A SERIOUS altercation between the police and a group of street vendors, commonly referred to as ‘looky looky men’ has taken place in Barcelona, Spain – an act of violence which has been condemned by the Chief General of Barcelona’s Police.
The incident took place on the platform of Plaza Catalunya, a popular station for city commuters which is also used as a place for some 70 vendors otherwise known in Spain as ‘manteros’ to sell their goods. Twenty officers from Barcelona’s Urban Guard had descended to the station at 6pm yesterday evening (January 8), where they had planned to remove all those selling inside.
The eviction was due to the City Council receiving a handful of complaints by residents who expressed their contempt at the daily presence of the men. In addition, Barcelona City Council had made an agreement with Renfe last year to ensure measures were carried out to keep the station clear of street vendors.
As officers arrived at the station and made their intentions clear that they would be moving all the manteros, the men ran off with their bags and descended out onto the tracks. Requesting immediate backup, an immediate announcement was made at the station for all members of the public to leave immediately and trains were also ordered to stop.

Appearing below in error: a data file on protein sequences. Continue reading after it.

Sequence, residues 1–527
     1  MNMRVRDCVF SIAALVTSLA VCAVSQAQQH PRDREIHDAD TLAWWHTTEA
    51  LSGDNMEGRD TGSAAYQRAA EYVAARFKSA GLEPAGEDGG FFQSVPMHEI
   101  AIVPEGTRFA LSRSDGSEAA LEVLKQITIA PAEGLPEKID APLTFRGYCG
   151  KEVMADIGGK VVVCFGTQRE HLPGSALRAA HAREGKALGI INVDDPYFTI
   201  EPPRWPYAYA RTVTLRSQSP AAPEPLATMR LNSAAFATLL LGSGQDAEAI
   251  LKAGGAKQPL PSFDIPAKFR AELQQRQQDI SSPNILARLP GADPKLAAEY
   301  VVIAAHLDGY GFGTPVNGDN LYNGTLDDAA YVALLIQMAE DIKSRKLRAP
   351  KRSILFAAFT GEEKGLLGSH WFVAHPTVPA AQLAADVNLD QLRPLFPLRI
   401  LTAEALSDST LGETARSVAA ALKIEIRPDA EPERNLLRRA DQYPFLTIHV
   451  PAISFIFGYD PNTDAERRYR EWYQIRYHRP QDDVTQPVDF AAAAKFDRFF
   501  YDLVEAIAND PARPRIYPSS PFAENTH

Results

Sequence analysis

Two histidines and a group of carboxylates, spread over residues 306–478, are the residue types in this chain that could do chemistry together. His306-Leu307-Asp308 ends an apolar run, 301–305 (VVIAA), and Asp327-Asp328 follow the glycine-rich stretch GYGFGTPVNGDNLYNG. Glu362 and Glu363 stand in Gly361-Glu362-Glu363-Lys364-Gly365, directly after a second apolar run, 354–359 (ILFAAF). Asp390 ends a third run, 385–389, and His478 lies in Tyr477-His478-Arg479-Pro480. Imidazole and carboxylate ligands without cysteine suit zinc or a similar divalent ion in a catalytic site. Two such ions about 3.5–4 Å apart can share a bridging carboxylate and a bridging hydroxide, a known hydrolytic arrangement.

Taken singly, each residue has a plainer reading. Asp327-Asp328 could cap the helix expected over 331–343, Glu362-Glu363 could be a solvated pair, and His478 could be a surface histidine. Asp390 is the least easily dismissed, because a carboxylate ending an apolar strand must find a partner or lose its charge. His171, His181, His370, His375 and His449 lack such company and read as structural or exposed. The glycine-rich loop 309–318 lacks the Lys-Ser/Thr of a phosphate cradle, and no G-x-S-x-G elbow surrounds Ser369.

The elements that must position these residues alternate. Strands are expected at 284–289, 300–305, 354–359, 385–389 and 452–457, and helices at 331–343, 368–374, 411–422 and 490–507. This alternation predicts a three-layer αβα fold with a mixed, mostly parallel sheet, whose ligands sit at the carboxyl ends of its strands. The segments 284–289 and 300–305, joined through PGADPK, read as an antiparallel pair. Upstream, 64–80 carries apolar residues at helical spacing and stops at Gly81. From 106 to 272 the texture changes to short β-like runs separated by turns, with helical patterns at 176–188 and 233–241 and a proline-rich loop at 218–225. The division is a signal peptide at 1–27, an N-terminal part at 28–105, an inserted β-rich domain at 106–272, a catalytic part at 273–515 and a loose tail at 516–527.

Chasing the men down the track, police report ‘having stones thrown at them’, however due to the great danger posed, officers were told to stand down. A resident who witnessed the incident expressed his disdain that the looky looky men were targeted, where some had been struck by officers. He said: “They stay at the station because they know if they are caught by the police they have a quick escape on the tracks.” He added: “They cause no harm, they are just trying to make a living in a very difficult circumstance. They did not deserve this violence.”
One of the men who was involved in the eviction also came forward to give his account, a 25-year-old man originally from Senegal named Touré who arrived in Barcelona eight months ago. He said: “If they take away all the bags I have here, I suddenly lose 500 euros. I would prefer to work in construction, but I can’t without papers. None of us like to sell, but the government doesn’t let us do anything else and I have to pay my rent and food every month.”
More light has been shed on the incident on social media by commuters who witnessed the attack. One user wrote on Twitter that: “The manteros have come under attack by the police. I can’t believe it there were not doing anything wrong. Access to the L1 subway is cordoned off by the police. It is horror.”
Another user said: “Right now the street vendors are being brutalised by the police, horrendous”. One other condemned the police’s actions, stating: “They shouldn’t leave, they cause no harm to anyone and they are not thieves.”
However, Manuel Garcia, the Secretary General of the Local Police has issued a statement that somewhat contradicts witnesses and the street vendors, where he describes the incident as “violent and brutal.” He said that stones were thrown at the officers and there has been considerable damage to the station.
As Euro Weekly News understands, the station was closed for some time after the incident and police state that no arrests have so far been made.